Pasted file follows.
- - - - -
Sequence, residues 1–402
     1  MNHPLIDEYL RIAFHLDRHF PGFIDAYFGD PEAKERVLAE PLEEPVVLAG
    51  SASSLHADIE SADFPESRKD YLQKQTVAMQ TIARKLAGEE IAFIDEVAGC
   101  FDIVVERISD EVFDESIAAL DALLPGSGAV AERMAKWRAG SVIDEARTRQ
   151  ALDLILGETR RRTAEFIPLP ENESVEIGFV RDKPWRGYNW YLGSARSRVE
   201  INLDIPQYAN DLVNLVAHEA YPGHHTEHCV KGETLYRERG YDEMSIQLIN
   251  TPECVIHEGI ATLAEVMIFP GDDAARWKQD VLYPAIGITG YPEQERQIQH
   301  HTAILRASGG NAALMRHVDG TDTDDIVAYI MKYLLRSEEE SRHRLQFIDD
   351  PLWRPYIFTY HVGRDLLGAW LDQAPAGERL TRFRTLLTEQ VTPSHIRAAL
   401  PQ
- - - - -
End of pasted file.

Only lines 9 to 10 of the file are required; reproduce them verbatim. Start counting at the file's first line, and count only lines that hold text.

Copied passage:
   351  PLWRPYIFTY HVGRDLLGAW LDQAPAGERL TRFRTLLTEQ VTPSHIRAAL
   401  PQ